Scottish Sea Farms reports gender pay gap progress

Scottish Sea Farms staff

Salmon producer Scottish Sea Farms saw the gap between what male and female employees were paid widen as a result of its acquisition of Grieg’s Shetland assets – but the latest figures show that the company has regained its position on gender parity and closed the pay gap further in several areas. 

UK legislation requires that large companies report on their “gender pay gap”. Last year, the figures showed that the acquisition of Grieg Seafood Shetland, which saw an additional 146 men and 40 women join the team, had led to a wider gap.

However, the company’s 2023 gender pay gap reporting, published this week, confirms that Scottish Sea Farms has not only returned to its pre-acquisition position but also made slight advances, aided by ongoing work to benchmark and align pay grades across the integrated team.

Advances achieved include:

  • 3.8% reduction in women’s mean hourly pay gap
  • 5.4% reduction in women’s median hourly pay gap
  • 1.2% more women in the top pay quartile
  • 28.6% more women receiving bonus pay.

Scottish Sea Farms Head of HR Fiona McCann

Scottish Sea Farms Head of HR Fiona McCann said: “The key takeaway from the latest reporting, as our mean average hourly pay shows, is that female colleagues are paid on a par with their male counterparts – or, as with this snapshot, slightly more.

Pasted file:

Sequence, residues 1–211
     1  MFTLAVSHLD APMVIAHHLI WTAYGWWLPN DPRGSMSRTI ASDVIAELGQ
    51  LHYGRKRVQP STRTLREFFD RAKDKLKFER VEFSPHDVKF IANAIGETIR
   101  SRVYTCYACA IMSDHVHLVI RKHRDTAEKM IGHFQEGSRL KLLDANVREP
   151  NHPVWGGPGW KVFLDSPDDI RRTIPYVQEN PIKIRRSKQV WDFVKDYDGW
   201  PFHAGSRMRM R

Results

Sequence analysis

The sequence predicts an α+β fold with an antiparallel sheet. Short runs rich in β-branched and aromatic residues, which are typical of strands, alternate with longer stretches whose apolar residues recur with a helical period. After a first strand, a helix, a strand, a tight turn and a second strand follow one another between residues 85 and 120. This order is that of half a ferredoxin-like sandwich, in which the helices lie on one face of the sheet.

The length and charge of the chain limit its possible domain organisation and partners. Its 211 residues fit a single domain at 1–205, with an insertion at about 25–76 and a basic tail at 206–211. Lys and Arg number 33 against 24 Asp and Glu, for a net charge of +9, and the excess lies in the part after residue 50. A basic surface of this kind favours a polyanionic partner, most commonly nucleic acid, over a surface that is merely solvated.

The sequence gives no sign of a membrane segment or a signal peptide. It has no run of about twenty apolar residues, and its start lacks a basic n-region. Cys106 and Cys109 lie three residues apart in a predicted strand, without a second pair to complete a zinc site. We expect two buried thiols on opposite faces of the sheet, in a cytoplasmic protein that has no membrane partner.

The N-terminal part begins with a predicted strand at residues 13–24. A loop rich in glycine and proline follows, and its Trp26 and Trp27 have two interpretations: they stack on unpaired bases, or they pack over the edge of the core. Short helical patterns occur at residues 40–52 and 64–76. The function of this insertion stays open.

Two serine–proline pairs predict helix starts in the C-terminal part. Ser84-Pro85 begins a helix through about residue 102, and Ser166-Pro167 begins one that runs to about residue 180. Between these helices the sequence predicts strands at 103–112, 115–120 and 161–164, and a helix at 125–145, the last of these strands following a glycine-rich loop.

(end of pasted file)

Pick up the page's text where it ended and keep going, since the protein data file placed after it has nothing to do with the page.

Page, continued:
“What we can’t ignore, however, is that salmon farming was seen as a primarily male career for many years. As such we have significantly more men on the team than women, some 82% to 18% in 2023, impacting on other measures.

“So while there remains no difference in median bonus pay – in other words, the middle-earning male and female received the same bonus – the simple fact men outnumber women in each pay quartile, including those in which bigger bonuses are often paid, contributed to our mean bonus pay gap widening in 2023.”

The single best way to close this and other gender-related pay gaps, says McCann, is to attract and retain more women into the company and sector.

“Our priority has been, and always will be, to hire the best candidate for the job. We’ve made real progress with 109 women on our team currently in roles ranging from Freshwater Technician, Farm Manager and Fish Vet to Environmental Scientist, Laboratory Supervisor and Supply Chain Coordinator – but we’d like to see many more.

“We’re battling outdated perceptions of the sector as being overly manual and a lack of awareness of the range of careers available in the present day.

“Overcoming such deeply engrained perceptions won’t happen overnight. We need to be as inventive as we are persistent in our work to attract more women, continually asking ourselves what more we can do and where else we could place ourselves to help raise awareness of the opportunities on offer.”

Grieg Seafood Shetland’s assets were acquired by Scottish Sea Farms


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